Groups Unveil New Map To Keep Count of Governor Newsom’s Oil Wells
Los Angeles, CA—Since mid-July, state regulators have not issued a new permit for fracking or acidizing in California and have slowed the overall rate of permitting oil wells. Nonetheless, state regulators have granted oil permits at a pace that is 8.8% greater in the first ten months of 2019 than in the same period last year under Governor Jerry Brown, Consumer Watchdog and FracTracker Alliance said today based on an analysis of state data.
The groups applauded Governor Newsom's announcement today that he would further rein in oil and gas extraction and regulate health and safety issues near extraction sites.
"Governor Newsom has taken an important step toward reining in the most high risk extraction techniques," said Jamie Court, president of Consumer Watchdog. "The ultimate test of his tenure for climate change and the public will be simple math about how many fewer permits are issued and how many existing wells are closed. Net zero wells should be his goal."
In July, the two public interest groups pointed out that state oil regulators held stock in the oil companies they regulated, prompting Governor Newsom to fire the state’s top oil regulator. The Fair Political Practices Commission (FPPC) opened an investigation of the regulators in question. Newsom expressed concern at the time that he did not realize fracking permits had increased 103.2% over the first six months of 2018--Governor Jerry Brown’s last year in office.
FracTracker and Consumer Watchog unveiled a new website to continually map and update the number of oil and gas wells permitted by the Newsom Administration: www.NewsomWellWatch.com.
The pace of permitting overall is still on track to beat the total number of permits issued during Brown’s final year in office (2018). The number of drilling and rework permits issued in the first ten months of 2019 through November 4 total 4,049. In the same period of 2018, under Governor Brown, the total was 3,723.
Courtesy of FracTracker Alliance, based on California Department of Conservation data
In addition to increasing the numbers of permits issued annually in 2019, about ten percent of permits continue to be approved for wells that present the greatest risk to frontline communities. These wells are within 2,500 feet of schools, hospitals, homes, daycares, and nursing facilities and are sources of toxic air emissions including carcinogens.
“While it is promising for the climate and community health to see that Governor Newsom’s administration has stopped issuing hydraulic fracturing and acidizing permits, the real health threat continues to expand in California,” said Kyle Ferrar, Western Program Coordinator for FrackTracker Alliance. “Oil and gas wells continue to be permitted in increasing numbers near schools, hospitals, and next to homes in frontline communities. Only setbacks and an end to drilling can reduce the elevated risks of cancer, congenital disorders, asthma and other health impacts resulting from living near oil and gas drilling.”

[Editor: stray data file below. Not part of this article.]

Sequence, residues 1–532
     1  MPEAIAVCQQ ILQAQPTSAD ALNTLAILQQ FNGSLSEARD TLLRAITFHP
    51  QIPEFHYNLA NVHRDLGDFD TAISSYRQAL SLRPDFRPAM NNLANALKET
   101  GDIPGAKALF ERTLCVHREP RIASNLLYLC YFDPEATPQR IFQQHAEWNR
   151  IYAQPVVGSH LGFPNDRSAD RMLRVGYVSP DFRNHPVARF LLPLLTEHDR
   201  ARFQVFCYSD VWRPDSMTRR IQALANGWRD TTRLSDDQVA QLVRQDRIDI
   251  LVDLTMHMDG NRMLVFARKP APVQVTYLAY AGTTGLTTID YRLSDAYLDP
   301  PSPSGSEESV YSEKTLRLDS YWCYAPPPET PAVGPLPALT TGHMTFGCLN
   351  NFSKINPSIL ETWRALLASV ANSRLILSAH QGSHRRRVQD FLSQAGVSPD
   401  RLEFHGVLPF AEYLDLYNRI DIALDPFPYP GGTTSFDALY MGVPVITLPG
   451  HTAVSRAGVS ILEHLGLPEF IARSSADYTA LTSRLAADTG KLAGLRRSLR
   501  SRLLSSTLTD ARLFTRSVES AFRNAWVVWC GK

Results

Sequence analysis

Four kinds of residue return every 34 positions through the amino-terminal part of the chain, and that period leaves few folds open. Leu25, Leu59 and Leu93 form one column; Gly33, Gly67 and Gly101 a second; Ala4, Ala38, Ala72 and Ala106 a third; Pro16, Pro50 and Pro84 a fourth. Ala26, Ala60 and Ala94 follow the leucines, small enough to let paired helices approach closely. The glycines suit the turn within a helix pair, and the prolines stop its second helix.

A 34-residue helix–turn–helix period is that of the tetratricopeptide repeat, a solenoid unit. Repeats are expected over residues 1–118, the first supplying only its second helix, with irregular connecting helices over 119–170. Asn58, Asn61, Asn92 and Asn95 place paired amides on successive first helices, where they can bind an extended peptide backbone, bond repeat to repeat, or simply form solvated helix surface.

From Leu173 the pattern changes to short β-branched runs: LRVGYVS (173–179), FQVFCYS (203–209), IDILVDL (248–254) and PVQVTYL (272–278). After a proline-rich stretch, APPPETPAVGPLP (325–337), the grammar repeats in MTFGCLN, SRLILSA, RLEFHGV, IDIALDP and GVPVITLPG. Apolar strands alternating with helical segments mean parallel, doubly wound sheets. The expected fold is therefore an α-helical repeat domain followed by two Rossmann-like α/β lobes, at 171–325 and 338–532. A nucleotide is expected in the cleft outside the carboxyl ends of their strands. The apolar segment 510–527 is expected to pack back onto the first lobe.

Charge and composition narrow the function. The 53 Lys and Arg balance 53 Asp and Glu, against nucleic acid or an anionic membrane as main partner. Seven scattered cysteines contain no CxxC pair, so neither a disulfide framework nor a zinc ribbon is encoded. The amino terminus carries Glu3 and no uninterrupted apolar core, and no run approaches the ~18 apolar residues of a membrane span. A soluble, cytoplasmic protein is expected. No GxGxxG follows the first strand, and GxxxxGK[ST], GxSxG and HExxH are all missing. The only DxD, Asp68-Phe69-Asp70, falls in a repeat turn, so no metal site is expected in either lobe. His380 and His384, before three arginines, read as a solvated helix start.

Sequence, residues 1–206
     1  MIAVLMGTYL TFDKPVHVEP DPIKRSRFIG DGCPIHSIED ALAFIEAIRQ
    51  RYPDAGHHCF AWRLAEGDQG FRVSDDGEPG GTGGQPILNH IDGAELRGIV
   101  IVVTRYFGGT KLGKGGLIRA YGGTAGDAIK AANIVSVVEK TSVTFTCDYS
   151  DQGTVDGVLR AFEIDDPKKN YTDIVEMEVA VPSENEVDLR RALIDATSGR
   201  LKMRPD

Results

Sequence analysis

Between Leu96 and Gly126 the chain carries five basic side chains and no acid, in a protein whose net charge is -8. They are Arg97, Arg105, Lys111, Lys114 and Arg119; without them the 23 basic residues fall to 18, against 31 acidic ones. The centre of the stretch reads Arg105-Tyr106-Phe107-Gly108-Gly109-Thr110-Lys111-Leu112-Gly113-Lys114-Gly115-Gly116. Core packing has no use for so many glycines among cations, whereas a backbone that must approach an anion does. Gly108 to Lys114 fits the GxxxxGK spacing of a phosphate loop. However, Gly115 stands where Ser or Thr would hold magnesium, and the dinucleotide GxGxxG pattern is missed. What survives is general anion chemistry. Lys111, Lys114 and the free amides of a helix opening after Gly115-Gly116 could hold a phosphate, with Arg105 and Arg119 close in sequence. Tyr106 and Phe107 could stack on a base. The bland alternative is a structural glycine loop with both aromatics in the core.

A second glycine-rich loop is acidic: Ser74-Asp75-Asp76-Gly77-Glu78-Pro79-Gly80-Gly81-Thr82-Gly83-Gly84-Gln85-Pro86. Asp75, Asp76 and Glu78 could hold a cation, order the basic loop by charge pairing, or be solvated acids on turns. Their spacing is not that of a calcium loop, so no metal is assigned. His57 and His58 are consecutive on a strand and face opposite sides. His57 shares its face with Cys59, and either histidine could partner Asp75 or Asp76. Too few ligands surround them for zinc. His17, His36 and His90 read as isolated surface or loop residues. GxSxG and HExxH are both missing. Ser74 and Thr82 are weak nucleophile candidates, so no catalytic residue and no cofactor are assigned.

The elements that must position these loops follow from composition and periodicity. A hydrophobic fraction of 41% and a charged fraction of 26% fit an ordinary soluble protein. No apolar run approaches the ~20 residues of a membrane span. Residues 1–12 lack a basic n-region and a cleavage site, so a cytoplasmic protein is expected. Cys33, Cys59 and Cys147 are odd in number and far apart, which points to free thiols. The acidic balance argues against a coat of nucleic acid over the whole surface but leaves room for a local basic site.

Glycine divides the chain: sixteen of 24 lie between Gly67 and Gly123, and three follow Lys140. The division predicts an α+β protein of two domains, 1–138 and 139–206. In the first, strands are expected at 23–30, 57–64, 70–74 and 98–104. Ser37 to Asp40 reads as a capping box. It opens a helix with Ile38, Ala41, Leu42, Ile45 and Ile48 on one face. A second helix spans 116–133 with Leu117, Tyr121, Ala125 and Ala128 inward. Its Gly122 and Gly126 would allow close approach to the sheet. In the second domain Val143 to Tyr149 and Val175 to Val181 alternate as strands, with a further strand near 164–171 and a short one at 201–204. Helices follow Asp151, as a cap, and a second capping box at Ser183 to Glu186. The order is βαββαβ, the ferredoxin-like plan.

“Since summer the oil permitting under Governor Newsom has flattened decisively,” said Liza Tucker, advocate for Consumer Watchdog. “Governor Newsom can still reverse the pace of permitting this year so that it is less than Governor Brown’s in 2018.”
In July of this year, FracTracker and Consumer Watchdog found that the pace of permitting the drilling of new oil and gas wells had grown by 77% over the year before. This included new oil and gas production wells and enhanced oil recovery wells (EOR). Of note, permits for drilling new oil and gas production wells had increased by 61.6%. Permits for well reworks were also elevated at 19.5%, and 53.3% if only rework permits for oil and gas production wells were considered.
As a result, Governor Newsom fired California’s top oil regulator and instituted an ethics review of the state’s oil well approval and inspection process. Since then the pace of permitting to drill new oil and gas wells slowed, but as of November 4, 2019 was still 17.2% higher than 2018, according to the California Department of Conservation data. This includes new oil and gas production wells (up 15.3%) and enhanced oil recovery (EOR) and support wells (up 18.2%). Enhanced oil recovery wells use techniques such as steam flooding, cyclic steaming, water flooding and other methods to gain access to hard-to-extract heavy crude oil.
This reflects an overall decrease of nearly 60% in the rate of permitting new drilling since July. Similarly, rates of permitting well reworks have slowed 18.5%. As of November 4, permits to rework oil and gas production wells were elevated 19.6% versus 53.3% on July 8; a drop of 33.7%. Well reworks permits are required to deepen, redrill and recondition wells; techniques used to improve production.